Do You Have a Pack Rat Cat?

Ever wonder why your cat hoards and hides objects or brings you treasures? We asked experts to shed some light on this stealthy behavior.

By Peggy Scott | Posted: Thu Mar 1 00:00:00 PST 2001

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Cat With PacifierThe term "cat burglar" refers to a robber who can enter, swipe goods and leave a building or room without being detected. Sound familiar?

Across the land, cats stealthily help themselves to treasures great and small (OK, mostly small) and build impressive stashes. Normally mild-mannered kitties commit these crimes for reasons as wide-ranging as the types of property your pack rat cat appropriates.

What a cat does with its prize is as telling as what it takes, says Kay Cox, Ph.D., an animal psychologist and behaviorist. Also known as "The Pet Counselor," Cox is heard on KTAR 620 AM in Phoenix, Ariz., and has appeared on talk shows throughout the United States. "If your cat carries something and shows it to you, he or she is gifting," Cox says, adding she had a cat that would jump on and swat the dishcloth and present it to her as a prize. But if a cat hides things, it could mean something different. "Female cats can go through false pregnancies and the items are like kittens," Cox says. Hormone-driven female cats collect items as though they are their kittens.

Male cats taken from their mother too early could perform nesting behavior, or even dominance in which they take an item that smells like you, demanding you retrieve it, Cox says.

A Dr. Doolittle-type who has a special rapport with animals, Cox advises pet owners to pay attention to their pets' feelings. "People didn't used to think animals had feelings," Cox says. "Now they know better."

Bringing home prey even an article of clothing or trash could be how well-fed house cats stay in touch with their wild side or try to teach us how to hunt, says Katherine Houpt, VMD, Ph.D., a diplomate of the American College of Veterinary Behaviorists and a certified applied animal behaviorist in charge of the Animal Behavior Clinic at the College of Veterinary Medicine at Cornell University, in Ithaca, N.Y. There hasn't been a lot of research on caching and pack rat behavior because most owners don't see it as a problem, Houpt says.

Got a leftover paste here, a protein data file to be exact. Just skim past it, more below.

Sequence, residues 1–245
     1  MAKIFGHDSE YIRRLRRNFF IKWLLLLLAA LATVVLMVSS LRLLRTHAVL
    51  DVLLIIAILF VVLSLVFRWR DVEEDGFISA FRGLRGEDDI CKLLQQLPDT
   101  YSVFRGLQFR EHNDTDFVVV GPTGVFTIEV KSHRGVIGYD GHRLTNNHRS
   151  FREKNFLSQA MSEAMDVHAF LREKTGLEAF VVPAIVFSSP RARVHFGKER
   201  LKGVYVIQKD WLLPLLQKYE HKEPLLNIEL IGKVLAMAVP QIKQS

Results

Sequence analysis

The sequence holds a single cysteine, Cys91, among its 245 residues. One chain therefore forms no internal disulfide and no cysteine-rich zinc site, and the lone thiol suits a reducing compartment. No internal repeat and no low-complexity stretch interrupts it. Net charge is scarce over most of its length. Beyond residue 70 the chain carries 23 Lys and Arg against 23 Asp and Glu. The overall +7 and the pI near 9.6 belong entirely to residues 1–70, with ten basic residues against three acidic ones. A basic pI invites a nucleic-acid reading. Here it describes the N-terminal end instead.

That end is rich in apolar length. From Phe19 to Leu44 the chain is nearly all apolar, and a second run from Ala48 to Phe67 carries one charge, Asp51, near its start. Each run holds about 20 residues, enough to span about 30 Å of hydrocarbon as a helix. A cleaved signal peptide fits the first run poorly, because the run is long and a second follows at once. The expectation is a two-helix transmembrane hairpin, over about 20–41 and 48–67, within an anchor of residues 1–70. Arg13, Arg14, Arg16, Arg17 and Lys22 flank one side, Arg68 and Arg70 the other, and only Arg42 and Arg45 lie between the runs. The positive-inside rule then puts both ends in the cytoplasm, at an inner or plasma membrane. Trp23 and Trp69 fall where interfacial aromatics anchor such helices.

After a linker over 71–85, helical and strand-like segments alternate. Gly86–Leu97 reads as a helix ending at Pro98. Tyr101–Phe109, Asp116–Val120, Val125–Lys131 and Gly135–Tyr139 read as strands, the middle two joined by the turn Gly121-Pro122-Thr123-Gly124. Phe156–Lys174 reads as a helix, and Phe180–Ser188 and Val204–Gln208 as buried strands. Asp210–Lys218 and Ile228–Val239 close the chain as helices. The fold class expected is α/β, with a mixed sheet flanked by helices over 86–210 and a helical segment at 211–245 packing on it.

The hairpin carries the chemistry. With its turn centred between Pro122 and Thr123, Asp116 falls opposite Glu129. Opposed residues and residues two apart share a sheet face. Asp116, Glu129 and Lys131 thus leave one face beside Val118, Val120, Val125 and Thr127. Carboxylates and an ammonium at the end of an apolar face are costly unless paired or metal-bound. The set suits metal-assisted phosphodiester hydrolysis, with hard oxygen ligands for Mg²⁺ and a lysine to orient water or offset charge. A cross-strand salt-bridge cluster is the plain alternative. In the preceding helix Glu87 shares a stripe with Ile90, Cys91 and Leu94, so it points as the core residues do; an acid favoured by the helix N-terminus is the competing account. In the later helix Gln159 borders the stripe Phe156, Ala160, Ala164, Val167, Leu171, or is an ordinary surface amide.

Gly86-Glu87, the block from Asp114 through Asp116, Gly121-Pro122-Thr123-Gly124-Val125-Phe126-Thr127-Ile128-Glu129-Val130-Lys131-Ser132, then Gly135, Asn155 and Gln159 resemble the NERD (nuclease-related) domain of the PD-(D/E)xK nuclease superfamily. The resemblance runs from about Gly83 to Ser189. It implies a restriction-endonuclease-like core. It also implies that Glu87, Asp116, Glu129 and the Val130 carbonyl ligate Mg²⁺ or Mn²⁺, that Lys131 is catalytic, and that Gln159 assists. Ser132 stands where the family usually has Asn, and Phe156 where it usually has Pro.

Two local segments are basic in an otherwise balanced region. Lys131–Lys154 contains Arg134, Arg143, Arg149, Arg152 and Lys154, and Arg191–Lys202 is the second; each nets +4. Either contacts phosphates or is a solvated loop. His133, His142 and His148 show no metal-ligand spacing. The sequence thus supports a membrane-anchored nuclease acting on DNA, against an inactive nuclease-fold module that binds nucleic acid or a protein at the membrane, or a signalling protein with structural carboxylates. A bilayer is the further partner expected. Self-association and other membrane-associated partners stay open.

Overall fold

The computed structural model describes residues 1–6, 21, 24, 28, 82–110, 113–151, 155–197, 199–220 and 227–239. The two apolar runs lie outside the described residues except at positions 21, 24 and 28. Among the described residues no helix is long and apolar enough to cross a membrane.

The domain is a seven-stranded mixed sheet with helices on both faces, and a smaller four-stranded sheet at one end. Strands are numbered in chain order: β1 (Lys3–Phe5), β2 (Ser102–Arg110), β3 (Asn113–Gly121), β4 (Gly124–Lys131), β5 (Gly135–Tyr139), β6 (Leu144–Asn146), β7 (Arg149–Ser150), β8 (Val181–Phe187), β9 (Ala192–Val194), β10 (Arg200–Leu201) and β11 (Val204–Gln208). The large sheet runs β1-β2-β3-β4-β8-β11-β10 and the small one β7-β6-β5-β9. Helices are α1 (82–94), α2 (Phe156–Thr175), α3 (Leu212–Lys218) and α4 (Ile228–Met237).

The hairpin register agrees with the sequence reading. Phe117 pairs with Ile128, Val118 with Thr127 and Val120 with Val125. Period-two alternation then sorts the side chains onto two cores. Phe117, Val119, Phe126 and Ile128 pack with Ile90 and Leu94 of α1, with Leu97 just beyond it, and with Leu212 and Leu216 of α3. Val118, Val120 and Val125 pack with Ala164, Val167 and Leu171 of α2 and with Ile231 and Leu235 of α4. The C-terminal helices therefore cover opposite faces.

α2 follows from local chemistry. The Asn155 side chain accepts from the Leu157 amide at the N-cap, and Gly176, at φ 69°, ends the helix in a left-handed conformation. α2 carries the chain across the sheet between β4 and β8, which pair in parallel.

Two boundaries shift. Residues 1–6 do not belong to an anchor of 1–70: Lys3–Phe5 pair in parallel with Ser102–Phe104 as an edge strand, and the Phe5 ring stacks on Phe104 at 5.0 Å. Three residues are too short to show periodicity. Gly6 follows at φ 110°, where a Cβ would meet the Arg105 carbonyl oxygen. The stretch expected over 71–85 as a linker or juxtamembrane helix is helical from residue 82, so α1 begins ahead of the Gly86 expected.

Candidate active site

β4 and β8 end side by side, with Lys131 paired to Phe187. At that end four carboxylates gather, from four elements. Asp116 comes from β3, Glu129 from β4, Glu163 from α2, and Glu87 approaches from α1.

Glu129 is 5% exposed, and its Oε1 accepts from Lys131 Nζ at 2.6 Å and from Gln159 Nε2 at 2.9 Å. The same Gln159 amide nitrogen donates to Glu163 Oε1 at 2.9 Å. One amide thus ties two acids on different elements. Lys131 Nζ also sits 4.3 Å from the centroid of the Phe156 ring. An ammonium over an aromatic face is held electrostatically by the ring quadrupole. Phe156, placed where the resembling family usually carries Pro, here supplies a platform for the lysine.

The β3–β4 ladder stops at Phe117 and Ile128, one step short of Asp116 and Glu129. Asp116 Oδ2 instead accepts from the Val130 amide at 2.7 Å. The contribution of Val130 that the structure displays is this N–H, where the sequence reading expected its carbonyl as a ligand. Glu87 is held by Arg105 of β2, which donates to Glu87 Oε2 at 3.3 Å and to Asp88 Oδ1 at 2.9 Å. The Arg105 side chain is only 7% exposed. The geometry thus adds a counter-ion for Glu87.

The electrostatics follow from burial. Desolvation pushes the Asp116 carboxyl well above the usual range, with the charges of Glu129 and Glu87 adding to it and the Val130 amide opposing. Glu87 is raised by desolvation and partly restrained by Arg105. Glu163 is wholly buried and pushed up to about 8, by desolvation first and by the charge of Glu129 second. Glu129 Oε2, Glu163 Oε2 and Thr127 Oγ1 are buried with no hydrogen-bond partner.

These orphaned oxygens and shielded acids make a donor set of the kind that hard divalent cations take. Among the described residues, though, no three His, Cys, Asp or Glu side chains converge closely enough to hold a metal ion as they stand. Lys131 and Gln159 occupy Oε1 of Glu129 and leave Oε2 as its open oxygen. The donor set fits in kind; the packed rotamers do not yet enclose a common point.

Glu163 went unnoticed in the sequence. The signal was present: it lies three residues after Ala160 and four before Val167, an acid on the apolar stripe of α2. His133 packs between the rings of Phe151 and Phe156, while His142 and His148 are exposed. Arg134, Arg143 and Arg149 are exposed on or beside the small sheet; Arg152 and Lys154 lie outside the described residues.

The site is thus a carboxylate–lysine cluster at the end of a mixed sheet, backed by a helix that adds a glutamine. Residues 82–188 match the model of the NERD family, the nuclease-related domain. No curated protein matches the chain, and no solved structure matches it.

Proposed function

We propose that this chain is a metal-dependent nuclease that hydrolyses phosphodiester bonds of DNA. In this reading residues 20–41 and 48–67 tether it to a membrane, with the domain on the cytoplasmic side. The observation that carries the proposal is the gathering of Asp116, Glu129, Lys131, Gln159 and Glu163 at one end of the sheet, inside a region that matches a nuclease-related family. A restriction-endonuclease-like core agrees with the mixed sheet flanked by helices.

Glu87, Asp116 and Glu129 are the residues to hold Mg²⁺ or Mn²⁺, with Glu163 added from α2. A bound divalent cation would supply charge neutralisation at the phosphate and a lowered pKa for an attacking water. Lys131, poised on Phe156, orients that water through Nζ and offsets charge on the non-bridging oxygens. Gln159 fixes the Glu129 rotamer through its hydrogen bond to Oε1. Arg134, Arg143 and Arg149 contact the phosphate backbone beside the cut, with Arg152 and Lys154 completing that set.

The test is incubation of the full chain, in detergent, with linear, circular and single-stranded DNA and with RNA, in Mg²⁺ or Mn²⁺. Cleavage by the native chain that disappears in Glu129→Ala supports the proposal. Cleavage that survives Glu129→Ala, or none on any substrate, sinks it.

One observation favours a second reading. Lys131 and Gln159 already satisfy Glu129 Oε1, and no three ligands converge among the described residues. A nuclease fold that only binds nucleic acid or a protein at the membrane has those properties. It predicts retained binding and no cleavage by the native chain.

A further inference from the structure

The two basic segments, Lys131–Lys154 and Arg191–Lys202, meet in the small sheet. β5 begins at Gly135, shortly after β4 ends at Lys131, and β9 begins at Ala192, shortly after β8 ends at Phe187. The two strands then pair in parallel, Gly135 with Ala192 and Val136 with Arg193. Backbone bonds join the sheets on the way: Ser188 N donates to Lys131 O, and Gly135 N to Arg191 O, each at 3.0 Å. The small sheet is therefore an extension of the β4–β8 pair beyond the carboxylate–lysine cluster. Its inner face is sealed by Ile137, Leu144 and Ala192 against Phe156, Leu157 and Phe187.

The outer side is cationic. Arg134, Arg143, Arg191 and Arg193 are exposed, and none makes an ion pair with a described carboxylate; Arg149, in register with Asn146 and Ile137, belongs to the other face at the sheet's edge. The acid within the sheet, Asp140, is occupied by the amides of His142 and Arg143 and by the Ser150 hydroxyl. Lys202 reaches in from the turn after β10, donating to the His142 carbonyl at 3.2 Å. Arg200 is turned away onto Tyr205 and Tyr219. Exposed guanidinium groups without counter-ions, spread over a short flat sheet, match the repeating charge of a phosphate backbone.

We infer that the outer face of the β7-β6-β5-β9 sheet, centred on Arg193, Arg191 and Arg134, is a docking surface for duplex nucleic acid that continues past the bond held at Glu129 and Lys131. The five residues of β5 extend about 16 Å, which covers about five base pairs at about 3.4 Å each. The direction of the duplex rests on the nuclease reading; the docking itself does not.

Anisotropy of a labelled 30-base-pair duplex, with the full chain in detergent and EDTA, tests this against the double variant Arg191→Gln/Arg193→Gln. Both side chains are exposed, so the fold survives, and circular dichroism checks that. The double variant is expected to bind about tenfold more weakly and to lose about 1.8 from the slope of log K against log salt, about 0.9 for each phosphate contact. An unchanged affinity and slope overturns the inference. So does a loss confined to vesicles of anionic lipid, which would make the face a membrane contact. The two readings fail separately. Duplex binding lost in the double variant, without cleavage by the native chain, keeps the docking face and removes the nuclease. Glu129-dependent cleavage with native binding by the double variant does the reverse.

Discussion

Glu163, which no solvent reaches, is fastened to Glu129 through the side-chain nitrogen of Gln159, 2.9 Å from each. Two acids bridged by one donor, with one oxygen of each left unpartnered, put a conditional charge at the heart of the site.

Common complaints among owners who seek her help for their cats are destruction of property and biting. She classifies pack rat behavior as fodder for cocktail party conversation. However, about once a year a client complains their cat is bringing home real prey. Keep your cat indoors to avoid these unpleasant surprises, she says.

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Reader Comments

CatChannel Editor    Irvine, CA

3/11/2013 11:45:11 AM

Nancy -- Your mother cat is behaving naturally, but it appears that she feels her kittens are threatened. Have you or anyone in your family been attempting to pet the kittens? This is a time for everyone in the house to give the mother and her kittens space. When the kittens turn 6 weeks to 2 months old, you can begin interacting with them.

Also, please spay the mother cat after she has finished nursing. It is wonderful to see a litter of kittens, but so many cats are homeless that it is the most responsible thing to your cat and others to spay and neuter your cats. It is a life-saving procedure!

nancy    Odessa, MO

3/10/2013 11:18:43 AM

why does a mother cat continually move her kittens? She moves them all the time, they are about 4 weeks old. Is it safe for the kittens and will she still feed them properly?

janet    bethlehem, PA

12/8/2011 4:30:47 AM

good article, thank you

Charlotte    Ringgold, GA

9/16/2010 3:18:13 PM

I have several cats in past years that were pack rats to some extent. The worst one used to steal cigarette butts out of the ash tray and hide them under the bed!

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